After lunch the heat was even worse. One slender woman nearly fainted and had to sit out a while. Another one got deathly white and also had to take time out. One good thing about us hefty girls , we retain water well. In the afternoon he had us cantering around him in circles in sets of two. One had to stay inside the circle and one stay on the outside of the circle. We could not take our eyes off of him or his helper Richard. We could not look at our horses, or each other, or our saddles, or the reins or the sky or the hard ground we were doomed to crash into. His point: trust your horse. They don't run into each other, PEOPLE run horses into each other. In the beginning I was petrified. It seemed we loped those horses forever and once when my partner in the circle started to lag behind he yelled, "Don't you DARE give up !" She looked him square in the eye and finished. Still in her saddle as was I.
Sunday August 22. I passed Chris in the morning before we started. He asked how I was. "My shoulders are the worst. I've never had them ache so much." His response ? "Good. That means you're doing something right." Direct and to the point. No mamby pamby stuff with this guy. I went to saddle Nora. She cried when she saw me. Offered me all kinds of weird stuff out of her stall NOT to ride her again. Neither of us had worked this hard together...EVER. That is when I looked at my riding helmet and left it in the tack room. It had been hindering me all weekend. Making me feel weak and amateurish. Yes, I fully understand the dangers of riding without a helmet and every child must ride with one, but for me, it was like taking off the training wheels again.
On this, our last day CC reviewed all we learned and had us put it all together in lead changes and counter bending. Not the kind of counter bending you do in the pub after your 5th shot of Red Breast. No, the kind where your horses head is turned to the right while you are loping her to the left. A bizarre equine skill akin to rubbing your head and patting your belly while step dancing in the Riverdance Troupe. Craziness that was soooo cool when Nora and I finally nailed it. But it took so much leg work on my part, I kicked and she barely responded, CC yelled " that kick wouldn't get a mosquito to move, now you KICK HER HARD !" I did and she moved. Of course I had a compound fracture in my leg but I had forward movement.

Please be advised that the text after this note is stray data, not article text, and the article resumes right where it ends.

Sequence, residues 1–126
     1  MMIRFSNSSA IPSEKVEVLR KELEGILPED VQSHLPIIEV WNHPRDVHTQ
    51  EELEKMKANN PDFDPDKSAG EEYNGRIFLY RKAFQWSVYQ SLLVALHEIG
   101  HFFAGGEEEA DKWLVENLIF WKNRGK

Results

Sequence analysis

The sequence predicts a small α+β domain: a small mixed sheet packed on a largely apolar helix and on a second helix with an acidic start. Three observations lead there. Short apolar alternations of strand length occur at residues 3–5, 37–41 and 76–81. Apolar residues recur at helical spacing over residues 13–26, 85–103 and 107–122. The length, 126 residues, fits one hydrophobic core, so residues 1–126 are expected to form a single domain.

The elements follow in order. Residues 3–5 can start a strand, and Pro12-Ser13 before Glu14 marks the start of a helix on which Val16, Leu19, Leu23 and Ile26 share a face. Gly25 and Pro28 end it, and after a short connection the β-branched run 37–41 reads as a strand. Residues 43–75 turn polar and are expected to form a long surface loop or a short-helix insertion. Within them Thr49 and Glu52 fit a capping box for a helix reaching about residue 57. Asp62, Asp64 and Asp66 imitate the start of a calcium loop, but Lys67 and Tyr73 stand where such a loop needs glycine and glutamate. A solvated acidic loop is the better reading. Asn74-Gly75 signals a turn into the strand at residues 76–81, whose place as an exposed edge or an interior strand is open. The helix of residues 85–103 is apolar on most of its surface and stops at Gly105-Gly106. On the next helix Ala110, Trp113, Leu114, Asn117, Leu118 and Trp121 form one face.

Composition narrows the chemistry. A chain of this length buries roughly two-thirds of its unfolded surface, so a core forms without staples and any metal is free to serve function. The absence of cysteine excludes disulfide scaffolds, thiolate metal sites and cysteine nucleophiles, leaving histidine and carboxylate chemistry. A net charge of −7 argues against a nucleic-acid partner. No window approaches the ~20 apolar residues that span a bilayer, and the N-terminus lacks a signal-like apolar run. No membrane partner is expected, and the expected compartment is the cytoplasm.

During our lunch break; a picture, just to prove I really was there
and received more than just a t-shirt. ( A picture, three days of intense training and too much new tack, THATS what I got you maroons !)
The last hour of our last day Chris rode many of the other participants horses. He rode consistently and practiced what he preached. It was amazing to see him address specific horse issues (really OWNERS issues) using the same techiniques and acheiving the same results time and time again.
At the end of a very hot day on Sunday, I approached him with arm extended to shake his hand in appreciation. He grabbed it firmly, pulled me towards him, hugged me and whispered gently in my ear. "Donna, you can get some spurs now."
24 hrs after arriving home I had spurs. It took two hours to figure out how to secure them to my boots and 10 seconds for Nora to realize I was indeed someone to respect. I was delighted. I wore them all evening, but before I end this too lengthly blog, here is my very STERN warning about spurs. Take the time to remove them before you shower. They will scratch your tile.
To summarize, Chris Cox is dead serious about what he does and expects you to be as well. He is stern but fair. He does not like "quitters". He gives full credit to horses and riders who try hard. He will not tolerate your inattention (nor should he) and he will reward your every honest effort. He is a professional and the real deal. He wants to save your life while you are riding and he risks his own life everyday to show you how. I was literally ridden hard and put away wet every day. And I would do the whole thing over again in a blink of eye, just give me one more day to recover.
If you love horses and want to improve your relationship with them, do yourself and your horse a favor and check out Chris Cox at http://www.chris-cox.com/